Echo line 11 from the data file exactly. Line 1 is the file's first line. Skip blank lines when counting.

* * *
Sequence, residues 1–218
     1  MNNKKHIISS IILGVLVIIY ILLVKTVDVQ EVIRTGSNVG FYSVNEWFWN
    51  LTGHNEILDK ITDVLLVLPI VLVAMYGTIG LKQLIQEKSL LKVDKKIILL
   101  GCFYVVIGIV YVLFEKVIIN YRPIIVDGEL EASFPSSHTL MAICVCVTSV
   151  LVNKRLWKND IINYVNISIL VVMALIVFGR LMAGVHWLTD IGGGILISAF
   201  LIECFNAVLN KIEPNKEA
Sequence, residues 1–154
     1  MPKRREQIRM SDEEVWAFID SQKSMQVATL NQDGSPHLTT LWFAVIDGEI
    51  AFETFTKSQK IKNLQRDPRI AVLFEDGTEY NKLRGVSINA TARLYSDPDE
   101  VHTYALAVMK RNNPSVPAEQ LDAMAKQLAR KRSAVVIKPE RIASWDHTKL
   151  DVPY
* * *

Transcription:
   151  DVPY